This book contains three linked stories. Two I believe have been published before but that third story really made them work as a whole and it was hard to believe that they were not written as one piece. At only eighty two pages long it didn’t take long to leave but it was a damn sight more interesting than watching England play footie last night. I’m certainly glad I turned off the goggle box for this book.



A Case Of Noir by Paul D. Brazill

A Case Of Noir

There is a uniquely British feel to Brazill’s noir. Even when his characters are right at home in Poland there is a feel that is unmistakably tied to the way the working class traditionally (and still do in many cases) manage their weekly pay. That is to say that as soon as work finishes they head to the pub until they are tossed on to the street and wander home. This adds a vivid feel that somehow manages to evoke unpleasant smells as well as the expected sights.

This book is a series of linked stories. I’m not sure if it was a deliberate technique to throw the reader back towards the previous story but I personally found that the couple of times a phrase was repeated it knocked me out of my reading rhythm and I had to re-focus. That is about the only negative thing about this book for me. I don’t normally quote from a book in a review but I just have to in this case because this snippet stopped me dead. I thought about it for quite a while before continuing and for me it gets to the heart of Brazill’s writing.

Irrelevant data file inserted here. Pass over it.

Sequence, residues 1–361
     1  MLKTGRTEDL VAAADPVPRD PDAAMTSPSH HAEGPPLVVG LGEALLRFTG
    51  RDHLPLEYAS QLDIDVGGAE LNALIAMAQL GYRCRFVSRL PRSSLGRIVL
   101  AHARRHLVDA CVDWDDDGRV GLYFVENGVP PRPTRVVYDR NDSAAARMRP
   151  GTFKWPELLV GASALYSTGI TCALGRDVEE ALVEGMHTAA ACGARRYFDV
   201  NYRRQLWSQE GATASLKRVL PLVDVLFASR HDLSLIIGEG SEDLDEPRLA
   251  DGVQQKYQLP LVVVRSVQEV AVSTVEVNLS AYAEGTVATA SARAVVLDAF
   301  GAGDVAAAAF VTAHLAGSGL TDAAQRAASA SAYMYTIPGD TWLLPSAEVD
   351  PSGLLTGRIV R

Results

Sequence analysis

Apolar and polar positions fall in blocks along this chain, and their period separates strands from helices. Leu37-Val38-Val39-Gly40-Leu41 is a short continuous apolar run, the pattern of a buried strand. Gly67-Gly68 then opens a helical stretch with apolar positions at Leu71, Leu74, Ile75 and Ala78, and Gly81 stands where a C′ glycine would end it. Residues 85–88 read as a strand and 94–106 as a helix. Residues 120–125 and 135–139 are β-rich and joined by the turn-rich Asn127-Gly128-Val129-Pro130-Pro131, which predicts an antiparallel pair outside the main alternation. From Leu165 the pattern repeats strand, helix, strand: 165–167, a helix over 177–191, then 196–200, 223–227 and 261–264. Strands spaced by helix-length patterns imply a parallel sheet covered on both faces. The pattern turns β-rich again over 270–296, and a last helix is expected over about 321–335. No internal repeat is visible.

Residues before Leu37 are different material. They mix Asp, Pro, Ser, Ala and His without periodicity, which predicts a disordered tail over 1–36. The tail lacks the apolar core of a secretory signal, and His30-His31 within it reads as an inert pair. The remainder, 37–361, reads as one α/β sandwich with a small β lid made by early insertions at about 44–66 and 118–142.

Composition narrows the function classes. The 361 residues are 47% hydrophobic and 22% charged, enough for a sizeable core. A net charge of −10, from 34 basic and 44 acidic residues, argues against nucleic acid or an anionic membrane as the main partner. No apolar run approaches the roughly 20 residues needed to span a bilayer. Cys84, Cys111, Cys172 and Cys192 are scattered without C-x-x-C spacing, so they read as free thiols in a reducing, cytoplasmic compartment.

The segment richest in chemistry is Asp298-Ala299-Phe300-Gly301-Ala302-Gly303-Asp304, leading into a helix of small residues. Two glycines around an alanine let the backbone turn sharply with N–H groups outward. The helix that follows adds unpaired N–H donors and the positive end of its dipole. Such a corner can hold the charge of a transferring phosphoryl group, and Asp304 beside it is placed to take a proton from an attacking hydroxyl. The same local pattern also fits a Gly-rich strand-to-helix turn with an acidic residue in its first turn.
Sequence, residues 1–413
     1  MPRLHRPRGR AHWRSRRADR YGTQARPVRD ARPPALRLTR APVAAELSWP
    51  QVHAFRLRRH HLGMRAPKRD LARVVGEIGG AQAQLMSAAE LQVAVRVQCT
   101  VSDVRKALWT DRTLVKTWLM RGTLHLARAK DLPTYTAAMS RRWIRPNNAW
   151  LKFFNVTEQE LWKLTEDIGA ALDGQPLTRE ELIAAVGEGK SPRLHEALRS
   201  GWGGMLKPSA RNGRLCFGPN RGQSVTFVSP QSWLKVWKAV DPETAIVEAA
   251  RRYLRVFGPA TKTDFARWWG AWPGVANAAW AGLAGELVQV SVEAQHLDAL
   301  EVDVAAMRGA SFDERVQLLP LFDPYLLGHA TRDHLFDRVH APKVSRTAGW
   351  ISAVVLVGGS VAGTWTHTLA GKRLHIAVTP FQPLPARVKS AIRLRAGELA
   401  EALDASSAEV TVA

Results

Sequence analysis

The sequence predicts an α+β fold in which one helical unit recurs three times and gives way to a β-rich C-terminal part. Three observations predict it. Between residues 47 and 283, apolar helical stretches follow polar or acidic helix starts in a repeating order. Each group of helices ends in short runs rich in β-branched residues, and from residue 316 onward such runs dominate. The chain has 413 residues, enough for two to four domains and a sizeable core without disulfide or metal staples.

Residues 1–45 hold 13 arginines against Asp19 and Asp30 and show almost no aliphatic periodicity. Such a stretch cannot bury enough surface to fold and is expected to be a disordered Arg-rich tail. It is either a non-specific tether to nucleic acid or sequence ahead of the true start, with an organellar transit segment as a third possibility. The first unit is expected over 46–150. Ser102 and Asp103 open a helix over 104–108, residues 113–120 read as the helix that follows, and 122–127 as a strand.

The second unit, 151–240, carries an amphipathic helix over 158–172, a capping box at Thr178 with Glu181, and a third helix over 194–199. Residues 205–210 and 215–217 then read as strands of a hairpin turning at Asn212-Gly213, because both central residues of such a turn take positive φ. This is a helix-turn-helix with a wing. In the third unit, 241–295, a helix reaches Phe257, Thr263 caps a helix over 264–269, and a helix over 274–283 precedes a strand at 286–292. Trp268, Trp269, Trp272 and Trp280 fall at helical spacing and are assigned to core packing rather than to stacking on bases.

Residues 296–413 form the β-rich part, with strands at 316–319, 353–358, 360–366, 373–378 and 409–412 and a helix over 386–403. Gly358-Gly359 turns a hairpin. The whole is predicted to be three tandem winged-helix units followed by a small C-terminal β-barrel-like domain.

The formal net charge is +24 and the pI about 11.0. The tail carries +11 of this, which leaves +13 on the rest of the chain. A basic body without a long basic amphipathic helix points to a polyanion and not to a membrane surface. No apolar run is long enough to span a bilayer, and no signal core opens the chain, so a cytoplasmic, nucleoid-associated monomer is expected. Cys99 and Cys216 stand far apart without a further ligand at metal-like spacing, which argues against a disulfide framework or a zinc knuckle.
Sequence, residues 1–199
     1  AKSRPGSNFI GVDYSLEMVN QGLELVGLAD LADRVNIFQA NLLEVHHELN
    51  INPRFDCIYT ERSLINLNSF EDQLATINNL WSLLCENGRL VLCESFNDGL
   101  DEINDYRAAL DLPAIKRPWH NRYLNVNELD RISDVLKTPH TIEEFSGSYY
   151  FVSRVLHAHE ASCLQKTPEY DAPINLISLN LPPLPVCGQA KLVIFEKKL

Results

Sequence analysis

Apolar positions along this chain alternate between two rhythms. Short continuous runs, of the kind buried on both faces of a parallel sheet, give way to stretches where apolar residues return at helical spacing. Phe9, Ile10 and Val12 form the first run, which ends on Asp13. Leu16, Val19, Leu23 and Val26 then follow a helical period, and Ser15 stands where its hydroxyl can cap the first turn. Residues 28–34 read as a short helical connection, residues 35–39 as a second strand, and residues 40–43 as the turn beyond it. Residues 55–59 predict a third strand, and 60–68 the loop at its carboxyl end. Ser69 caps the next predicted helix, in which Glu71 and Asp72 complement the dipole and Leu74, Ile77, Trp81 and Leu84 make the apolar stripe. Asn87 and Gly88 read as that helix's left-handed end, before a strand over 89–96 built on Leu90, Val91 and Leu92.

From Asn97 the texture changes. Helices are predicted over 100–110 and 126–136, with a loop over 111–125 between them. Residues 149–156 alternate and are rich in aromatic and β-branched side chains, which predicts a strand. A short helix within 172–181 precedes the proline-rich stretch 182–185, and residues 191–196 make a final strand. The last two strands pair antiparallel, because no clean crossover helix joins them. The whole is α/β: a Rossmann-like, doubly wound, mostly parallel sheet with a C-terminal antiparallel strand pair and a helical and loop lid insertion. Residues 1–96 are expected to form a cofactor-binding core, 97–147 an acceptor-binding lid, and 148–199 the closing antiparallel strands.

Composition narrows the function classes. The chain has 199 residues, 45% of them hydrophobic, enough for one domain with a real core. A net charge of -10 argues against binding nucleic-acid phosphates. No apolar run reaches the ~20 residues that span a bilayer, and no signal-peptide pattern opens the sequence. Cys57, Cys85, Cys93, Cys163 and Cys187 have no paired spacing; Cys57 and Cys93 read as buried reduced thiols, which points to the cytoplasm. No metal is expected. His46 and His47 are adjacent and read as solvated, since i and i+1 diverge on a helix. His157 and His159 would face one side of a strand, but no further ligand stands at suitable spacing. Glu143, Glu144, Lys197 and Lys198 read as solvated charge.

“Anonymous hotels attract interesting peoples but only anonymous people stay in interesting hotels since they hope it will add a bit of colour to their dreary lives.”

This is a thoughtful look at the seedy underbelly of cities across Europe and is well worth a read.

Elric of Melnibone by Michael Moorcock

Elric of Melnibone by Michael Moorcock